U.S. Markets open in 4 hrs 11 mins
  • S&P Futures

    3,840.75
    -7.75 (-0.20%)
     
  • Dow Futures

    30,842.00
    -26.00 (-0.08%)
     
  • Nasdaq Futures

    13,434.75
    -40.75 (-0.30%)
     
  • Russell 2000 Futures

    2,156.80
    -4.20 (-0.19%)
     
  • Crude Oil

    53.02
    +0.25 (+0.47%)
     
  • Gold

    1,851.30
    -3.90 (-0.21%)
     
  • Silver

    25.42
    -0.06 (-0.23%)
     
  • EUR/USD

    1.2136
    -0.0009 (-0.0728%)
     
  • 10-Yr Bond

    1.0400
    0.0000 (0.00%)
     
  • Vix

    23.71
    +1.80 (+8.22%)
     
  • GBP/USD

    1.3656
    -0.0020 (-0.1434%)
     
  • USD/JPY

    103.7770
    +0.0210 (+0.0202%)
     
  • BTC-USD

    32,140.79
    -1,230.21 (-3.69%)
     
  • CMC Crypto 200

    647.75
    +0.43 (+0.07%)
     
  • FTSE 100

    6,673.47
    +34.62 (+0.52%)
     
  • Nikkei 225

    28,546.18
    -276.11 (-0.96%)
     

Access to Cold storage ‘will make or break' the distribution of a Covid-19 vaccine: Doctor

Dr. Rishi Desai, Chief Medical Officer at Osmosis &Former Center for Disease Control and Prevention Epidemic Intelligence Officer joined Yahoo Finance to discuss the state of Covid-19 across the U.S.

Video Transcript

SEANA SMITH: Well, for more on this and what this exactly means for the health care industry and for mitigating the spread of COVID-19, we want to get the health care perspective of all this. And for that, we want to bring in Dr. Rishi Desai. He's the chief medical officer at Osmosis and also the former epidemic intelligence officer for the CDC.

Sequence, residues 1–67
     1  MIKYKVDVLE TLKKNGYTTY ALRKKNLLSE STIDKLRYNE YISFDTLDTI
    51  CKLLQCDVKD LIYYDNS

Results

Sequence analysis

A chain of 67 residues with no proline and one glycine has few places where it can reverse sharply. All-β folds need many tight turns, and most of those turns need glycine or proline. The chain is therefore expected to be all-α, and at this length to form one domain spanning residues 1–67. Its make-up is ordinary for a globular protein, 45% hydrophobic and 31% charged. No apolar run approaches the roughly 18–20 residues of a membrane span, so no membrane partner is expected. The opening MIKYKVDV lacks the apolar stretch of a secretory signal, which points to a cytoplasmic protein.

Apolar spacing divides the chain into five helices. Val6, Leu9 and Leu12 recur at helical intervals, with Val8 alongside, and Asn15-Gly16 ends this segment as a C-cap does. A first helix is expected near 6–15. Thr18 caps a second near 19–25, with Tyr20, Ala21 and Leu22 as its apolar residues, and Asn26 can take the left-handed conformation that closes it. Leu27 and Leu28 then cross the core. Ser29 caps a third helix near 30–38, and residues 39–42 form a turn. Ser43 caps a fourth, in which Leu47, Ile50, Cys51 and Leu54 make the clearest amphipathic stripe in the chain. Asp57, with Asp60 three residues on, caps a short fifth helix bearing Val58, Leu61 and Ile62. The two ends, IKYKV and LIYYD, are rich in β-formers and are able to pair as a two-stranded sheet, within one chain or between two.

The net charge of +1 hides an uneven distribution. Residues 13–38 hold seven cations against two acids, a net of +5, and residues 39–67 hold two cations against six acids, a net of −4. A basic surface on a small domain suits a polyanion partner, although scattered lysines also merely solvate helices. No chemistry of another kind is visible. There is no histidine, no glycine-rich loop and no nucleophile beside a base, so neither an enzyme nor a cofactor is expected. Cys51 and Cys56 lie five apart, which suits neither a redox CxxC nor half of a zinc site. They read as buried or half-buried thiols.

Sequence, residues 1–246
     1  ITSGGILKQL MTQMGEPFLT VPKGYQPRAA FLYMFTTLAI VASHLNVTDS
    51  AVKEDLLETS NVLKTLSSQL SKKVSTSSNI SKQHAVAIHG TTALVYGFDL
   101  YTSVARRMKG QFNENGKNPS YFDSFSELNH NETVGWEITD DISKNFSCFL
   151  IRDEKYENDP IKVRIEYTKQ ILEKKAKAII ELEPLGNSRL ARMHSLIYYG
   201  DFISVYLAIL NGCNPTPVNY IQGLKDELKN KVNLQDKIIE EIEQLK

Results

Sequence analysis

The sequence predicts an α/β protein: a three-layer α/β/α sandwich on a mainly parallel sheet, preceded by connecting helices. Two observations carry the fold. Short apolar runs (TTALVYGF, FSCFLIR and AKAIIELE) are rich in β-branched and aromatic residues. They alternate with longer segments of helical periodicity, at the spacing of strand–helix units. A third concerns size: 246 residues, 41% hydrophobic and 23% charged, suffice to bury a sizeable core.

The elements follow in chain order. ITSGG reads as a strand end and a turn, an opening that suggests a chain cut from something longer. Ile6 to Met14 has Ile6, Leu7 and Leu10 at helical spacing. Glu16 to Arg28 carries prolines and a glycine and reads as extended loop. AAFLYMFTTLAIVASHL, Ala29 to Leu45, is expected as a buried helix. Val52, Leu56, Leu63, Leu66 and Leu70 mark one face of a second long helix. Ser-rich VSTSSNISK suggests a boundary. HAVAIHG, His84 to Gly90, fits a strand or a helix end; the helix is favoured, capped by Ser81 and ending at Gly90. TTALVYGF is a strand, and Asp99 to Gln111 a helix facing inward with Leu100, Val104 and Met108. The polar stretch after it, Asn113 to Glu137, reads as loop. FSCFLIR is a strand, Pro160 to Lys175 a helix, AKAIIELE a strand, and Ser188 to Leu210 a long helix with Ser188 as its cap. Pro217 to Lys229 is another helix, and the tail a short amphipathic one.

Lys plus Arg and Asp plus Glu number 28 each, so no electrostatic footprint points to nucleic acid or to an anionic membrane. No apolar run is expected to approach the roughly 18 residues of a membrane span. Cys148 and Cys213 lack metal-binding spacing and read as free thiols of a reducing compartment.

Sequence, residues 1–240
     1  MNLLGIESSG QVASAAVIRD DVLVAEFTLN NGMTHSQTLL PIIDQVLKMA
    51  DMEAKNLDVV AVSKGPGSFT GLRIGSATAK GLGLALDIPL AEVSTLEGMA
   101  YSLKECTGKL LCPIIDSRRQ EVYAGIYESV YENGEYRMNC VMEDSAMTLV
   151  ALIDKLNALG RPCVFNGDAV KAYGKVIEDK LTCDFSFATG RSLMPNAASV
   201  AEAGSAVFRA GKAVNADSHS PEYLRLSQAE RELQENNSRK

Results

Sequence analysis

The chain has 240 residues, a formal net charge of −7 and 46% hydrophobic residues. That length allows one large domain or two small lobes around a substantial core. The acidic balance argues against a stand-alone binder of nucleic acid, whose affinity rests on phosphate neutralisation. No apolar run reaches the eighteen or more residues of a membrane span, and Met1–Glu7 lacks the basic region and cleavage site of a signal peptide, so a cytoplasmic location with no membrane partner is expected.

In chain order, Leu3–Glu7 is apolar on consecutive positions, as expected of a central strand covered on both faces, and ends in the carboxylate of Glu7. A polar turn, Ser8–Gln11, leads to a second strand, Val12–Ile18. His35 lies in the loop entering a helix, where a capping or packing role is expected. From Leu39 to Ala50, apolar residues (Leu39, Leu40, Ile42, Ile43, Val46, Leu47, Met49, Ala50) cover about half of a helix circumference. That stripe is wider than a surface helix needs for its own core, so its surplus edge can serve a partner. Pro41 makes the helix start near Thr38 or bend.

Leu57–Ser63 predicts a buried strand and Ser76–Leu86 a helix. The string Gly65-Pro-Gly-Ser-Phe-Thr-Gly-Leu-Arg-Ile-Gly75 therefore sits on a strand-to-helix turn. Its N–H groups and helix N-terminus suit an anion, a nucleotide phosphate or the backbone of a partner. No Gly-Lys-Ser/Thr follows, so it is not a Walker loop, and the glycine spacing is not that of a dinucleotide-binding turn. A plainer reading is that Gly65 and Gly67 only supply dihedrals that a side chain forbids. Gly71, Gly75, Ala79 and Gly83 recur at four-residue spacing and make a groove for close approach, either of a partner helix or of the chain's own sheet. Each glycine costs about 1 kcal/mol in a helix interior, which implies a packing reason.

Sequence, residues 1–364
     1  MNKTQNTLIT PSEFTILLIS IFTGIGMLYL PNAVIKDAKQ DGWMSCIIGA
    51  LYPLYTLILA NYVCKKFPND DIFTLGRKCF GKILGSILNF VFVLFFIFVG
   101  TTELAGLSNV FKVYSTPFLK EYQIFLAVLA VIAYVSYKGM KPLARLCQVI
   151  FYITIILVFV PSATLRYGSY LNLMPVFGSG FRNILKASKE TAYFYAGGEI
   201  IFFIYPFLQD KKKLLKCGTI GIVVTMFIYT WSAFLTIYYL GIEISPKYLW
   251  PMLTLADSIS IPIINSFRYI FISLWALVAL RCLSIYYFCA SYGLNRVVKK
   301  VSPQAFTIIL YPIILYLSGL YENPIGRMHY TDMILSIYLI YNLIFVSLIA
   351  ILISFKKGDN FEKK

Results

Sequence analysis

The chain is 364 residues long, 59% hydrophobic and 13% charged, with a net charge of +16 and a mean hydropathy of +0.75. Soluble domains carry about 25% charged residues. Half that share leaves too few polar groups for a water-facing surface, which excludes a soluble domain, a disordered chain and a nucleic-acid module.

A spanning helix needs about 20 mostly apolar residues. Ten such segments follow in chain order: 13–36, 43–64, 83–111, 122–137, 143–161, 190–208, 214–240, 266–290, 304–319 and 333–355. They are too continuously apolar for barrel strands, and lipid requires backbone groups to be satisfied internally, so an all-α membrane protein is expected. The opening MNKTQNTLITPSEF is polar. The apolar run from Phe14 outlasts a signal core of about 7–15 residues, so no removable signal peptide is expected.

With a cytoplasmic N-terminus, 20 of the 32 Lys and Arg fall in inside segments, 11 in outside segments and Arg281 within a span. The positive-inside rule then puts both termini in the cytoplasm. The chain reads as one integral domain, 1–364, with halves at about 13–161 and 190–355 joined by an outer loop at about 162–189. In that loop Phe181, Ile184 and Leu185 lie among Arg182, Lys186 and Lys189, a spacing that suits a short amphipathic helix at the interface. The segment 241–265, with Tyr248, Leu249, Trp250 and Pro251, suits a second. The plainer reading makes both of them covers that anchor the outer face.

And Dr. Desai, great to have you on the program today. And we just heard Doug Parker talking to us just about those logistical challenges, when it comes to distributing a vaccine, and the role that airlines are playing in it. From a health care perspective, though, how are you looking at some of these supply chain obstacles that we have in front of us?

RISHI DESAI: Well, the first thing for folks to know is that when they think of a COVID vaccine, that it's not just a single vaccine. It may be two vaccines, depending on which one you're talking about, especially the ones that are coming down the pipe first. So that means that we have to think about how to get people vaccinated then bring them back to get a second dose.